We shall continue from where we left off last time on Java Programming. Have you heard of mathematical expressions before? Well, if you haven’t we will have a clear understanding of what they are and how to solve them, not just by using a calculator but also using a Java application.

An operation on two numbers is easy, but how do we solve an expression with brackets and multiple operations? It is not as simple as an expression involving two numbers.

Let’s consider the BODMAS rule and learn about simplification of brackets.

**B**rackets

**O**f

**D**ivision

**M**ultiplication

**A**ddition

**S**ubtraction

This means that we evaluate our expression starting with brackets first then other operations will follow according to the order of precedence.** **In this java program we shall compute an expression following the BODMAS rule. Consider an expression such as

7+12/ (2*3)-4

How does a computer program evaluate the following expression?** **Does it start off from right to left? Or does it start from left to right?

The evaluation of this expression is as follows:

7+12/ (6)-4

7+2-4

9-4

5

**LIVE A LITTLE…**

**————————————————————————————————-**

A Rasta man went to the bank with a sack full of weed…

Teller : How may I help you sir?

The guy puts the sack of weed on the counter

Rasta Man : I want to open a joint account.

**————————————————————————————————-**

Following the evaluation of the above expression, we shall begin. First, we created a class that does __validation__ to check if the expression is correctly written removing all the spaces in the expression and irrelevant data. In this class we created the following methods;

**//****Checks if the character at the beginning of the expression is valid**

public static boolean validateFirstindex(){

**//Checks if the end of the expression is valid**

public static boolean endExpression () {

**//****Check whether all brackets are balanced**

public static boolean checkBrackets() {

**//ensures the Expression contains valid characters**

public static boolean validCharacters () {

**ensures that two subsequent operators are valid and in the correct order**

public static boolean operatorSeq() {

**//Remove spaces from the expression**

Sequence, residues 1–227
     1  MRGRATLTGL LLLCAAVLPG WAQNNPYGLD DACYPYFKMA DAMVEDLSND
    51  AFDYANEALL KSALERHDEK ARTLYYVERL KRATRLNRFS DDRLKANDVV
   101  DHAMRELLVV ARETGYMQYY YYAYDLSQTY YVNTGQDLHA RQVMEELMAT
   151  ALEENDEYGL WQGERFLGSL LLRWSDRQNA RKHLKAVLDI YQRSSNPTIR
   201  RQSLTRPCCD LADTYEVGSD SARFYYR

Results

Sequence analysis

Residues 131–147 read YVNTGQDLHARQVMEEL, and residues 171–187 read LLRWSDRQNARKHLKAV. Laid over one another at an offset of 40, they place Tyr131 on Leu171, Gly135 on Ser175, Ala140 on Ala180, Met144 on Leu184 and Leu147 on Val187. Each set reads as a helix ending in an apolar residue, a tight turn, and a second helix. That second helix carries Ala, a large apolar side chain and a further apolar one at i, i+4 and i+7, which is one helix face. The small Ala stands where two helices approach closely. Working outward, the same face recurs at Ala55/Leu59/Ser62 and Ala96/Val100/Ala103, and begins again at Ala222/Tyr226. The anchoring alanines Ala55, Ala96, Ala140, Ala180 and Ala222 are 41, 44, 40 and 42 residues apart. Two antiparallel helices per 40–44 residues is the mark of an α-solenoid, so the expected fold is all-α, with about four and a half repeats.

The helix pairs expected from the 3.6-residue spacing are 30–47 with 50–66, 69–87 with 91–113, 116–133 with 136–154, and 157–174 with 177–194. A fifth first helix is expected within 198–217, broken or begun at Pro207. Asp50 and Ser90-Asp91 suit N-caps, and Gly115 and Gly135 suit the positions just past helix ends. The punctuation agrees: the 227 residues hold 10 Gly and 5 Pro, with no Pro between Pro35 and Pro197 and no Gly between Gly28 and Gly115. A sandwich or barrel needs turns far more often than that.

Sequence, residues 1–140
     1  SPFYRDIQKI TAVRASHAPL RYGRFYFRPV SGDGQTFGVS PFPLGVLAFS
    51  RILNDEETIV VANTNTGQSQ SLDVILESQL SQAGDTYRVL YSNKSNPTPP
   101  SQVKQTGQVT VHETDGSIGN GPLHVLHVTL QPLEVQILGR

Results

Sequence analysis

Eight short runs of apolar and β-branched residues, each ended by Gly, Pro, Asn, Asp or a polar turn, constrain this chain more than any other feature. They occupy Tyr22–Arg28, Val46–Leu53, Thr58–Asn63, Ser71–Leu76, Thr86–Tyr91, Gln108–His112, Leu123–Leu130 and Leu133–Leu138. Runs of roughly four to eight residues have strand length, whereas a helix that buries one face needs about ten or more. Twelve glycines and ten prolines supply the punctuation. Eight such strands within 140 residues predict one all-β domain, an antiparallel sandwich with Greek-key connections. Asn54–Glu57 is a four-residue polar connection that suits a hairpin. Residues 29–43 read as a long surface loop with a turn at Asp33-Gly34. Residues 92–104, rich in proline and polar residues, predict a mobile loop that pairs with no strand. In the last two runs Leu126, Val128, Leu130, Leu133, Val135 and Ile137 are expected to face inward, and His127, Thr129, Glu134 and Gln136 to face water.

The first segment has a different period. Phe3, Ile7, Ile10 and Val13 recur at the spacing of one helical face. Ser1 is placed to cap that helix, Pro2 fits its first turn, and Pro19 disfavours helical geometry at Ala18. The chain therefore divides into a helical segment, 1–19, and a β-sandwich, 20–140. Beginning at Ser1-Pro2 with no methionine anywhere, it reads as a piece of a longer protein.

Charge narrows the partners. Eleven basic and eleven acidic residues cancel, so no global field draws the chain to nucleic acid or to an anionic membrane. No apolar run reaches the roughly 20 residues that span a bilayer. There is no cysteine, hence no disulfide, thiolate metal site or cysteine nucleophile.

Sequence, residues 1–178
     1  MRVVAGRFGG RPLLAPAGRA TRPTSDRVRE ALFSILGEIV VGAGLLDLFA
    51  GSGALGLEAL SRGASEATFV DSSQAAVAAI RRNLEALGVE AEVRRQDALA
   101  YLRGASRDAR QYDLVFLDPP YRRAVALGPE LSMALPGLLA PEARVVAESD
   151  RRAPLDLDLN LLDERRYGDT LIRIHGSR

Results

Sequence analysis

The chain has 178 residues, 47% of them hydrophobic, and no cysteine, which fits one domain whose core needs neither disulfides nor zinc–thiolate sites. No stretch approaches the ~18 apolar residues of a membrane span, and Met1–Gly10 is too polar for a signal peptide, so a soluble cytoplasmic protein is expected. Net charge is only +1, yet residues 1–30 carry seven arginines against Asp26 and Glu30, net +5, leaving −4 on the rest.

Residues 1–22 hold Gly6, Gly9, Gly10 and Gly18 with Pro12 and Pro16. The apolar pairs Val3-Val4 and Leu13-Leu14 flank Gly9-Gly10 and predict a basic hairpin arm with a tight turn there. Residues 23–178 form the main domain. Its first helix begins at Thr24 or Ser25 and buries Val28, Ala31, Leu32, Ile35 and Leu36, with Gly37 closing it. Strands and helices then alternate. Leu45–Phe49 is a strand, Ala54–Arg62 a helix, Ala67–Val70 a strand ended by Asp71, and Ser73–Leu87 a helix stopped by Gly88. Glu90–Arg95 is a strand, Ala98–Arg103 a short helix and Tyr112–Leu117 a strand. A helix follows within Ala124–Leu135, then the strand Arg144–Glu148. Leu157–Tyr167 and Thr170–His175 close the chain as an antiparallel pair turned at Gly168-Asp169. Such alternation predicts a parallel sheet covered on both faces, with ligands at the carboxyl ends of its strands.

public static void removeSpaces () {

**//when number is followed by an opening bracket, call this method to insert the multiplication operator**

public static void insertMultiplication (int index) {

**//Validates the expression**

public static char [] validate (char [] expression) {

Next step, we created a class that does the __evaluation__ of the expression. We used two stacks, one to store operators and the other to store the values. We created different methods which handle specific tasks. Some of the methods used are explained below.

The code below is a snippet of one of the methods that we used to evaluate. You can find the code for the entire program in our __GitHub__ account.

**Explanation:**

**//Stack for numbers: ‘values’**

Stack<Double> values = new Stack<Double> ();

**//**** Stack for Operators: ‘ops’**

Stack<Character> ops = new Stack<Character> ();

**//Declare and Initialize i to 0**

int i = 0;

**//Loop through the tokens**

while ( i < tokens.length ) {

**//**** Current token is a number, push it to stack for numbers**

if ((tokens[i] >= ‘0‘ && tokens[i] <= ‘9‘) || tokens[i] == ‘.‘) {

StringBuffer sbuf = new StringBuffer();

**//**** There may be more than one digits in number**

int j = i;

while (j < tokens.length) {

if ((tokens[j] >= ‘0‘ && tokens[j] <= ‘9‘) || tokens[j] == ‘.‘){

sbuf.append(tokens[j++]);

}**//End of if statement**

else break;

}**//End of while loop**

i = j–1;

values.push(Double.parseDouble(sbuf.toString()));

i++;

}**//End of if statement**

The other method that we will explain about is the one used to check the operator’s order of precedence.

**Explanation:**

**//**** Returns true if ‘op2’ has higher or same precedence as ‘op1’, otherwise returns false.**

public static boolean hasPrecedence(char op1, char op2) {

if (op2 == ‘(‘ || op2 == ‘)‘){

return false;

}**//End of if statement**

if ((op1 == ‘&‘ || op1 == ‘*‘ || op1 == ‘/‘) && (op2 == ‘+‘ || op2 == ‘–‘)){

return false;

}**//End of if statement**

else {

return true;

}**//End of else**

}**//End of method**

The last method we will explain is the one used to solve the expression having met all the conditions of a proper expression.

**Explanation:**

**//**** A utility method to apply an operator ‘op’ on operands ‘a’ and ‘b’. Return the result.**

public static double solve(char op, double b, double a) {

switch (op)

{

case ‘+‘:

return a + b;

case ‘–‘:

return a – b;

case ‘*‘:

return a * b;

case ‘&‘:

return a * b;

case ‘/‘:

if (b == 0)

throw new

UnsupportedOperationException(“Cannot divide by zero“);

return a / b;

}**//End of switch case**

return 0;

}**//End of solve method**

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